They were a staple of the Great Depression, affordable for many, and, perhaps most important, they were durable.
So durable that many have lasted more than 80 years.
They’re known as the Ford Model A, and hundreds will be seen across Wichita throughout the week.
The Wichita A’s, the local Model A Ford club, is hosting this year’s Central Midwest meet. The chapter is part of the Model A Ford Club of America, which holds meets throughout the country for Model A enthusiasts.
For some like Tom Jamison of Iowa, the Model A has stayed in his family for generations. In 1931, Jamison’s great-grandfather bought the Model A that Jamison drove to Wichita, and it has been in his possession since 1974.
“It’s the intrigue to know that you can get them going,” Jamison said as he tinkered with the car. “The maintenance schedule back then would make today’s drivers cringe, but there’s a lot more reliable parts available today.”
Jamison was the host for the Central Midwest’s regional meet last year in Des Moines. Like many others, Jamison drove his Model A thousands of miles for the weeklong event. Others will come from as far as New Mexico, Idaho and Virginia.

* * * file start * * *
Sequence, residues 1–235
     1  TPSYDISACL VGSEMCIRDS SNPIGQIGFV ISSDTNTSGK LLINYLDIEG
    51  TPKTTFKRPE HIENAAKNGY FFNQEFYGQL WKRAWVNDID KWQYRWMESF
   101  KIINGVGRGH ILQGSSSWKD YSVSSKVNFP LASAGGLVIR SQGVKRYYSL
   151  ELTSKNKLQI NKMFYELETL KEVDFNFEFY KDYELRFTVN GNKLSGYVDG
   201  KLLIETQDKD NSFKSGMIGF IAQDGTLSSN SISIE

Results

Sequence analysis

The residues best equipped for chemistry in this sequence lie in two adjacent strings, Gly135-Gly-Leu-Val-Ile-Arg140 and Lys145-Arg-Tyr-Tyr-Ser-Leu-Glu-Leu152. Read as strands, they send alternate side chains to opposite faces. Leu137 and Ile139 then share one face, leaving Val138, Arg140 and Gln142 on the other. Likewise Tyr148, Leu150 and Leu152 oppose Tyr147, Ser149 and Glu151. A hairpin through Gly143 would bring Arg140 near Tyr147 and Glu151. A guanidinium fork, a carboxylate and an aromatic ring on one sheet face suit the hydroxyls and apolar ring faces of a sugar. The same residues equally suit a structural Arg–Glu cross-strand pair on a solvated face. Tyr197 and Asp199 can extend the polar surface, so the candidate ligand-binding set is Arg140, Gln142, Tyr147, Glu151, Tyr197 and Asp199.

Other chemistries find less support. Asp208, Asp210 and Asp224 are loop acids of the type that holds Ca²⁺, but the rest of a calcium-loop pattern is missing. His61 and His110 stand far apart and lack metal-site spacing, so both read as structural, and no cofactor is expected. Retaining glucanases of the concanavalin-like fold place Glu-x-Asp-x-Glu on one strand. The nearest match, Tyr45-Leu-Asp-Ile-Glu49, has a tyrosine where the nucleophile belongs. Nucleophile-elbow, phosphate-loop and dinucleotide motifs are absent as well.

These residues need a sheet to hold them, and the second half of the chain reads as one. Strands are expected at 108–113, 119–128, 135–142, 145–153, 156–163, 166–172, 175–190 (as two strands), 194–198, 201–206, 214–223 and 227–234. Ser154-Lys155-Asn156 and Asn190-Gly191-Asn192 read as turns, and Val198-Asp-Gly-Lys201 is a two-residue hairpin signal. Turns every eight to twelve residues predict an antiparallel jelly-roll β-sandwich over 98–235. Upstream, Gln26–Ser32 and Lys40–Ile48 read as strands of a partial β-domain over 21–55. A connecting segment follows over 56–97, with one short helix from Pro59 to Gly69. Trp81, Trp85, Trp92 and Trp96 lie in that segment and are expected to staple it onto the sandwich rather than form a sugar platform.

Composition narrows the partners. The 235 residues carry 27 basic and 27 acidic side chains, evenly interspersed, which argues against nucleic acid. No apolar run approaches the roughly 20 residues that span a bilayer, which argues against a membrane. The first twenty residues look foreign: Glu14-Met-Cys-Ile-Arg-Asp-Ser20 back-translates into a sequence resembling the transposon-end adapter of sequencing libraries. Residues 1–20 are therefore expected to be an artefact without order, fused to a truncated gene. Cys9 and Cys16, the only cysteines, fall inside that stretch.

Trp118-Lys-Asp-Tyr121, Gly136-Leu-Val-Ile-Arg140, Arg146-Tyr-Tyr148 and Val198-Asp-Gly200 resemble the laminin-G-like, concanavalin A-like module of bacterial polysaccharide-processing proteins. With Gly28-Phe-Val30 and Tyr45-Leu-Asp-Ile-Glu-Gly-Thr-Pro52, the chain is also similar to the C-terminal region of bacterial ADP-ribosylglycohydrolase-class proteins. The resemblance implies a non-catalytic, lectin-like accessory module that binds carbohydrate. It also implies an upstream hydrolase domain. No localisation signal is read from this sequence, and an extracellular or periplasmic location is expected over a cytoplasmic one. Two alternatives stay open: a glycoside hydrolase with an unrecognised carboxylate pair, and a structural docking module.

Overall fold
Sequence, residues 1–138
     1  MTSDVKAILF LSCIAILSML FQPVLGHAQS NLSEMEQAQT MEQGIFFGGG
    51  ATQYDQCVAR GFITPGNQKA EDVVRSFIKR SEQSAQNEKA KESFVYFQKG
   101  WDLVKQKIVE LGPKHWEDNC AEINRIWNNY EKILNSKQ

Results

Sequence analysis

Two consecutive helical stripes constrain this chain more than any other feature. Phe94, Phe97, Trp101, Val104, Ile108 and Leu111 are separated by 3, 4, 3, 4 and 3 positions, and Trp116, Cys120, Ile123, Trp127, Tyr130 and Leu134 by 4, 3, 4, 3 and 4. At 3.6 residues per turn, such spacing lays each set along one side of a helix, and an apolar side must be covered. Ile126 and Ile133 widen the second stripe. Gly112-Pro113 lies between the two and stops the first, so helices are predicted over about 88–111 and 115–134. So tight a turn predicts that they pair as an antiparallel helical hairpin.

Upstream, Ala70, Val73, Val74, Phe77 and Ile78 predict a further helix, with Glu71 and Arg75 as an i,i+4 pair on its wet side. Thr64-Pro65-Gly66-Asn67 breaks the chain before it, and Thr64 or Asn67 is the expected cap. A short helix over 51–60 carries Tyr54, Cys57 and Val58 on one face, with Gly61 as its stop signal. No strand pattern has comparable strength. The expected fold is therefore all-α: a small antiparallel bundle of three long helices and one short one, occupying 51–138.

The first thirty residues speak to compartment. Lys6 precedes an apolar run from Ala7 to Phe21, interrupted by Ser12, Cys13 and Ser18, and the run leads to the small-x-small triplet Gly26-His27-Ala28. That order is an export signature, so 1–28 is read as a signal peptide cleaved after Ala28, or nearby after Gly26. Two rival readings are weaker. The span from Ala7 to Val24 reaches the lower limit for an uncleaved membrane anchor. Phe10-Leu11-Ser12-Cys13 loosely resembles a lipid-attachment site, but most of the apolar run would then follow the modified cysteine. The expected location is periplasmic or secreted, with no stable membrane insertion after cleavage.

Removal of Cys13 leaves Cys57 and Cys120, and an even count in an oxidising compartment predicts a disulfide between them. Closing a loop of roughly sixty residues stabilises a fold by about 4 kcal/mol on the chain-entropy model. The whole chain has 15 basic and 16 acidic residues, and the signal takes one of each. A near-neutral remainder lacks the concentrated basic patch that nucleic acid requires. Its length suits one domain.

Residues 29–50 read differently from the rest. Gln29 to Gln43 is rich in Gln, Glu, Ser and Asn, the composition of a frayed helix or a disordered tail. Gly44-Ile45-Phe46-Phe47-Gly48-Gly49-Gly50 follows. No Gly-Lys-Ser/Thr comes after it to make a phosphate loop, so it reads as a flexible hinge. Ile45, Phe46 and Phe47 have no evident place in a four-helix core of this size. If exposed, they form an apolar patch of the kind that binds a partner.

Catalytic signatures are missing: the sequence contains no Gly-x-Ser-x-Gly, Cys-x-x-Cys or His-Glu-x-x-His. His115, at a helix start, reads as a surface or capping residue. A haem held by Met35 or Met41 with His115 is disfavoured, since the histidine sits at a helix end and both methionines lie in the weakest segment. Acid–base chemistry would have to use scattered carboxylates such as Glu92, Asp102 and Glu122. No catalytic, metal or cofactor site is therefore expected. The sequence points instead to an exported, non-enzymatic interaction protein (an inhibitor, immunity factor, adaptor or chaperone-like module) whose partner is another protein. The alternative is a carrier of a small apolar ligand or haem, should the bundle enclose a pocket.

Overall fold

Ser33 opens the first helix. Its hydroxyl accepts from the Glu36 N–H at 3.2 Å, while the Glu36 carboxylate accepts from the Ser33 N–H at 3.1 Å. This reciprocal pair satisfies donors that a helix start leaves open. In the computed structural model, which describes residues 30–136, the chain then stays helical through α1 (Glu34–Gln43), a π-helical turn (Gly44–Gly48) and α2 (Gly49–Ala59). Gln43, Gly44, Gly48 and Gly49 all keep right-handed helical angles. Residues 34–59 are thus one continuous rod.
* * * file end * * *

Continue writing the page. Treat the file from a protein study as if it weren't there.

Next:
Some brought their Model A’s to Wichita on trailers, but most drove them on the highways, said Claudia Ellerman, one of the meet’s organizers. The cars’ top speeds are only about 45 to 55 mph, so many of their drivers try to avoid the interstate.
“It’s a great way to see parts of the country,” she said.
While many have had their Model A’s in their families for generations, more have taken up restoring the cars as a hobby. Dick Przywitowski and his wife, Lois, drove their Model A to Wichita from Lafayette, Colo. They bought it about 20 years ago as a restoration project.
“It’s kind of like the VW Beetle,” Dick Przywitowski said. “It’s sort of a cult car.”
Dennis Ellerman, Claudia Ellerman’s husband, said many liked the Model A because of how easy it was to maintain.
“They were simple enough that the average guy could work on them,” Dennis Ellerman said.
The Model A’s require their share of maintenance today, but the people who own them really like what they do, Dennis Ellerman said.
“It takes some heart and soul, some cash and a lot of your time, but it’s worth it,” he said.
The meet will host activities such as tours of the Sedgwick County Zoo and the Tallgrass Prairie Preserve as well as many car-related events for the meet’s participants.
The Wichita A’s meet on the fourth Monday of each month at Minisa Park at 7 p.m.